Mediterranean life is strongly conditioned by water scarcity due to the regional climate constraints, and forests are essential to maintaining water and soil resources. Forests protect watersheds and regulate the local climate by increasing the air humidity, thereby reducing drought intensity. In this way, they are a barrier against desertification. Forests also serve as natural barriers to storms and floods, with a considerable capacity for water retention which regulates the gradual flow of water and sediments in watersheds, and reduces run-off and landslides during periods of heavy rainfall.
Forests have always played, and still play, an important role in the daily life of Mediterranean communities. People have been harvesting animal and plant products from the forest on a large scale in the region for thousands of years, developing numerous uses and management systems, and acquiring a sophisticated knowledge of their environment. In the past, forests and trees were attributed long-standing cultural values that have defined the Mediterranean landscape. Many endangered ecosystems and rare, endemic species in the Mediterranean still coexist in close relationship with humans.
Moving from these assumptions, Mediterranean forests require special attention especially because:
- They provide highly appreciated marketed goods (e.g. firewood, cork, pine kernels and mushrooms) as well as high-value but non-market services (e.g. landscape quality, soil protection, water regulation and recreation possibilities).
- They constitute a unique world natural heritage in terms of biological diversity; however, this patrimony is seriously endangered.
- Their conservation and management affects the availability of soil and water resources - key strategic resources for Mediterranean societies.
- Their future is seriously endangered by climate and land-use changes, which add to long-lasting problems related to forest fires, forest over-exploitation and the advance of desertification in the region.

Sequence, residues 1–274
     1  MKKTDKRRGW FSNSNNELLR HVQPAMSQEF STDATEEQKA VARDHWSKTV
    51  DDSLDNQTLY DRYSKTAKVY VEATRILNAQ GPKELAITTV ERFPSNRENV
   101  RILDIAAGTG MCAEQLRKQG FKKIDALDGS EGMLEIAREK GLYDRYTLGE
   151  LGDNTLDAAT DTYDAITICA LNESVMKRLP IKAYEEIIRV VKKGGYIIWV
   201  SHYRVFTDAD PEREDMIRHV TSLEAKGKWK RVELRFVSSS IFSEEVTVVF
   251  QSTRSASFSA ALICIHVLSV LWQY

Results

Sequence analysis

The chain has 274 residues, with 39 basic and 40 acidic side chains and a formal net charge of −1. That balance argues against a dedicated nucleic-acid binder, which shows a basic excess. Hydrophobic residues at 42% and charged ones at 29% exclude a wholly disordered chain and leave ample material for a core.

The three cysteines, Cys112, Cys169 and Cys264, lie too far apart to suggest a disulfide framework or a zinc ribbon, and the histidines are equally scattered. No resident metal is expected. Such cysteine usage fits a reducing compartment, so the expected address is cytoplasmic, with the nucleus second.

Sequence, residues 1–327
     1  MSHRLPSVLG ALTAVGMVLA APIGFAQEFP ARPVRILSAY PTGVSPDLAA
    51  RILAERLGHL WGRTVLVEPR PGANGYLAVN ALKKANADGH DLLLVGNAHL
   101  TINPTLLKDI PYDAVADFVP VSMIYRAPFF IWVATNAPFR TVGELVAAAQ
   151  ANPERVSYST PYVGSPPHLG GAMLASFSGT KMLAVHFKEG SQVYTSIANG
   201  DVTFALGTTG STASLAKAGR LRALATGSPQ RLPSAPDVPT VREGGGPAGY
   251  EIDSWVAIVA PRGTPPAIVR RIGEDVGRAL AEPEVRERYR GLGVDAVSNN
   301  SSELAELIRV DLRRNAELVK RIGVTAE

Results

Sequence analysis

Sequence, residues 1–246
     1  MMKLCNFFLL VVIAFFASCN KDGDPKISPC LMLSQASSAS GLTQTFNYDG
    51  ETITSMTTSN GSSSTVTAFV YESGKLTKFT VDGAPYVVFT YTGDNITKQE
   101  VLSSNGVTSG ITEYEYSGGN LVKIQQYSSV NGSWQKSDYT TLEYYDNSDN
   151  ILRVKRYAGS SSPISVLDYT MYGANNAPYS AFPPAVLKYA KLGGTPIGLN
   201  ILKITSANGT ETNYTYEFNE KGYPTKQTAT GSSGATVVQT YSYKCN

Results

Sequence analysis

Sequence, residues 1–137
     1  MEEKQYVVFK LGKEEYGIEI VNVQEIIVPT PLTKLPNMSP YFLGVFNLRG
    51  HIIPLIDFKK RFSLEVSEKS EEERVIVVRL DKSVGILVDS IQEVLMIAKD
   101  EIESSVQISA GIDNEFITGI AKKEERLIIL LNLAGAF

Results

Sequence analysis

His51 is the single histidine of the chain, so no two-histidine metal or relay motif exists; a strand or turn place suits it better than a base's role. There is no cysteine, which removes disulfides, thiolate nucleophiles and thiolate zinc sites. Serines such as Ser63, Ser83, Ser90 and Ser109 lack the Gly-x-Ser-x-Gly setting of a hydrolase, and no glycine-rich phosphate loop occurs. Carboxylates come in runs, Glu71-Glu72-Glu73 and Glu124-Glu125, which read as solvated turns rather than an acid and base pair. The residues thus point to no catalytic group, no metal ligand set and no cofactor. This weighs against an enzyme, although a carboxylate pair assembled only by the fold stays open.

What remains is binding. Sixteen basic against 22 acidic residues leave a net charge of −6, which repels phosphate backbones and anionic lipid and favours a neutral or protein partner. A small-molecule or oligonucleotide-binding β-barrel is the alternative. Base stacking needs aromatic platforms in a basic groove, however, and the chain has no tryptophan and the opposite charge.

The Silva Mediterranea Project
Taking into consideration the range of threats and challenges affecting Mediterranean forests ecosystems, IUCN-Med is cooperating with the Collaborative Partnership on Mediterranean Forests, whose objective is to jointly strengthen the capacity of member countries of Silva Mediterranea , a statutory body of the Food and Agriculture Organization of the United Nations (FAO), to accelerate the implementation of Sustainable Forest Management (SFM) and the protection of forest-based ecosystem services under climate change (CC) conditions in the Southern Mediterranean region.
For this purpose, participants intend to coordinate their respective support activities in the frame of a common programmatic approach based on agreed objectives and expected results.
Objective of the partnership
To improve the political frame conditions for sustainable management of forests and related ecosystem services in the context of climate change in selected member countries of Silva Mediterranea.
Mediterranean North Africa and Middle East
- Agence Française de Développement/Fonds Français pour l’Environment Mondial (AFD/FFEM)
- Association Internationale Forêts Méditerranéennes (AIFM)
- European Forest Institute – Mediterranean Regional Office (EFIMED)
- Deutsche Gesellschaft für Technische Zusammenarbeit (GIZ)
- Ministère de l’Alimentation, de l’Agriculture et de la Pêche de la France (MAAP)
- Plan Bleu/Regional Centre of Activities of the Mediterranean Action Plan (PB/PAM)
- World Wide Fund for Nature – Mediterranean Initiative (WWF-MedPO)
- ONF International (ONF-I)
- Mediterranean Model Forest Network (MMFN)
The role of forests in global climate change
Tackling climate change is a top priority for regional governments, research institutions and international organizations working in the region. IUCN and the conservation community at large are embarking on forest-related climate change work, including, amongst other issues, developing adaptation strategies to manage the uncertainties caused by climate change and building ecological and social resilience.